BART Phase II Needs Outside Professional Review

BART Phase II in Santa Clara County is 6.3 miles long including 4.7 miles of subway being designed and built by the Santa Clara Valley Transportation Authority (VTA). According to the Federal Transit Administration’s estimate of last Fall, the price of Phase II was projected at $9.14 billion, or $1.45 billion per mile. The table below might help to explain why BATWG and other like-minded groups have tried so hard to find ways of bringing down the cost while at the same time improving the convenience and safety of the project.

The table is from a comprehensive ENO study of the urban rail project costs of nine countries throughout the world. For the report see:

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SFMTA Steadily Painting Itself into the Proverbial Corner

It appears that the MTA may unwittingly be putting itself between a rock and a hard place. Here are the limits under which it is attempting to operate its Muni Metro subway:

Limit One…Trains per Hour: The Muni Metro subway can handle only so many peak direction trains an hour. A few years ago the MTA tried running 43 trains an hour through the subway. This was an unmitigated disaster. Now the talk is about 30 trains an hour, but that’s with a brand new signalization system that is at least $600 million and two decades away. In the mean time, in view of Muni’s continuing difficulty hold to schedules, 24 trains an hour should be regarded as the absolute upper limit.

Limit Two…Train Length: The subway was designed to handle three car trains and, with a little ingenuity, even four. But it was recognized that running three and four car surface trains along the avenues would be both controversial and wasteful. So the question became, how to hold to 24 subway trains an hour while making the trains long enough to meet subway ridership demand.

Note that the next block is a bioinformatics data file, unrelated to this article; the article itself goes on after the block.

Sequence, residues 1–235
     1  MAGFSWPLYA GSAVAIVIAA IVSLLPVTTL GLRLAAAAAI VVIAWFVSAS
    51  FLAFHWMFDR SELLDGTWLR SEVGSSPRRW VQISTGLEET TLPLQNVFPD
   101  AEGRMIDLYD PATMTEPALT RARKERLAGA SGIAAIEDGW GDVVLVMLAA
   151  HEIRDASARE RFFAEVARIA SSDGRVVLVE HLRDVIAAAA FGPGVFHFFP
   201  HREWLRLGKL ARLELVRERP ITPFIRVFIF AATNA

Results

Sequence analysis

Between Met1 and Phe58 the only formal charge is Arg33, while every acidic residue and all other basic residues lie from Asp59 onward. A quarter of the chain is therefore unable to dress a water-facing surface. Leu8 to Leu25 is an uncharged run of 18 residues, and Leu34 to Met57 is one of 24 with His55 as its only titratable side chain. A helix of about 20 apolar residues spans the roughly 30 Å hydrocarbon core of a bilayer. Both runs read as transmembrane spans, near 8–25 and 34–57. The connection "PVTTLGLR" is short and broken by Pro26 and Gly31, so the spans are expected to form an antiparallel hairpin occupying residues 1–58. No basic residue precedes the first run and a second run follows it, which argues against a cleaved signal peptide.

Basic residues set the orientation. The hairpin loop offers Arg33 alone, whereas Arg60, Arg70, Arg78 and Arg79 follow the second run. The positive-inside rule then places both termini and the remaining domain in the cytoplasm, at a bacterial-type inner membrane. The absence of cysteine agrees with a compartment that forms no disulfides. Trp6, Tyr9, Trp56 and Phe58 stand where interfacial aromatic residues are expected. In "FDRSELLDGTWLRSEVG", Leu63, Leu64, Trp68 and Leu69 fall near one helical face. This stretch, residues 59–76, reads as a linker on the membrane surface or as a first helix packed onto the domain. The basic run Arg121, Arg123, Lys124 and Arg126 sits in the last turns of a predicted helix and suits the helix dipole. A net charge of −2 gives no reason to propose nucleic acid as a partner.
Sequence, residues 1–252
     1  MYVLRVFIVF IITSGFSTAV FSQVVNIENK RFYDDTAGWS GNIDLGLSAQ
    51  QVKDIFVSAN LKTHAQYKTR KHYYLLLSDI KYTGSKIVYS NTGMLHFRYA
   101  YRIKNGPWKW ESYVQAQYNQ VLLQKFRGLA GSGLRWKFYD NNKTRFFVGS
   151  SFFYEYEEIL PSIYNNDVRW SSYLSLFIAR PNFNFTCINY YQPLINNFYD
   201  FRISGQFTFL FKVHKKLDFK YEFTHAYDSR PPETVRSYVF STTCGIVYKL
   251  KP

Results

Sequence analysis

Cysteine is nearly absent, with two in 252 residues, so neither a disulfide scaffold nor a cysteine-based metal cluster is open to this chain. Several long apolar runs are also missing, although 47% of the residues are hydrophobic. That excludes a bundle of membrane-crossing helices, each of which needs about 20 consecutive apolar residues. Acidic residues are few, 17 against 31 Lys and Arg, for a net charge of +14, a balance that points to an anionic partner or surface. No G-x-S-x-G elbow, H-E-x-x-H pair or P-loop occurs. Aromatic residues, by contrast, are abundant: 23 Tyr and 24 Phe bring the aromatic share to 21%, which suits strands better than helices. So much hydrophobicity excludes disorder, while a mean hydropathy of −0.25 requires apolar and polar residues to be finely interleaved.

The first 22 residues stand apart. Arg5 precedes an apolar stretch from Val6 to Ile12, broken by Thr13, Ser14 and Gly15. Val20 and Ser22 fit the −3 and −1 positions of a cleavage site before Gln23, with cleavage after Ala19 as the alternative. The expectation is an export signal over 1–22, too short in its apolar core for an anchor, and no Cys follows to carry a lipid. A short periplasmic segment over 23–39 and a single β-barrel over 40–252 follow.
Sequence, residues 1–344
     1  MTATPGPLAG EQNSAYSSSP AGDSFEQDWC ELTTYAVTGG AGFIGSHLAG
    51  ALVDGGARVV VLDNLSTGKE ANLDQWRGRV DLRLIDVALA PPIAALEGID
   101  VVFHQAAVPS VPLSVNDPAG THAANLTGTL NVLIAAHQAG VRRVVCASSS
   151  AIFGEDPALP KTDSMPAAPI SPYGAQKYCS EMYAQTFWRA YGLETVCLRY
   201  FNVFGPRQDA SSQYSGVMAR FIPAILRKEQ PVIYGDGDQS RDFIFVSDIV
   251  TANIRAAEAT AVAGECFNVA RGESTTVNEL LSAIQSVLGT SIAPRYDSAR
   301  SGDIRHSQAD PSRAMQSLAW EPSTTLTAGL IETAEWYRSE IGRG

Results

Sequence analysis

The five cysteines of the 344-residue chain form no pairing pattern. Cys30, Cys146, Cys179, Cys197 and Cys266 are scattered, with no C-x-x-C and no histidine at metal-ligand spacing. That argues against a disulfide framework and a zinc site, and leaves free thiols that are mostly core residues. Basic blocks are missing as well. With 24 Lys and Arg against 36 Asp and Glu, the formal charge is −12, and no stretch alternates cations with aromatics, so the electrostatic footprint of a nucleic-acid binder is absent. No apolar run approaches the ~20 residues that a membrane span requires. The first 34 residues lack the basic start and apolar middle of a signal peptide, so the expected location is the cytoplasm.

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SFMTA’s Leadership in Implementing Transit First

Bravo to that! Setting up red lanes for buses by taking space away from other street uses is not an easy task. It takes a clear vision, courage and great persistence. It appears that San Francisco is leading most other cities in this regard. Keep at it.

The objective should be, and we believe is, to make transit lines expeditious, reliable and convenient, all with an eye to improving safety.

End of Newsletter #44

DTX Needs MTC’s Support

This BATWG letter makes the case for placing the DTX project at the highest level in the competition for local, private, regional, State and federal funding:

July 16, 2022

Theresa Romell, MTC Director of Funding Policy and Programs
Metropolitan Transportation Commission
San Francisco Ca 94105

Subject: Elevating DTX to MTC Tier 1, Level 1

Dear Ms. Romell,

The initiatives taken by MTC in recent months are most encouraging. Your agency appears to be making a concerted effort to ensure that transportation funding goes to the projects with the highest potential for benefiting the region as opposed to perhaps well intentioned agency or local program that fall short in that regard. Equally important is to ensure that agencies, especially those with very large undertakings, administer their projects efficiently. The efforts that you and MTC are making to bring these changes about are supported and appreciated.

Given the more than 40 speakers who spoke at the July 13, 2022 Programs and Allocations Committee meeting, the one minute time limit per speaker was understandable. However it left quite a bit unsaid. As you know, virtually everyone who testified on the 13th was strongly in favor of placing the Downtown Extension of Caltrain in Level 1. Following are some points we’d like to emphasize:

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BART, an Agency in Dire Need of Oversight

On June 21, 2019, pursuant to State Senator Steve Glazer’s SB1488, Governor Gavin Newsom appointed Harriet Richardson from among three candidates selected by the BART Board to be BART’s first Inspector General (IG). The job calls for the IG to oversee and report upon BART activities and expenditures. What BART apparently didn’t anticipate was that Ms. Richardson would actually attempt to do her job. But the cat was soon out of the bag.

On July 7, 2022 the Alameda County Grand Jury released scathing 8-page report on how BART was treating its State-appointed IG, detailing how BART’s management and Board of Directors have aggressively interfered with, resisted and undermined the work of the IG. Anyone whose watches how BART goes through money will well understands the need for an independent BART IG. So what’s next? Will things get better?

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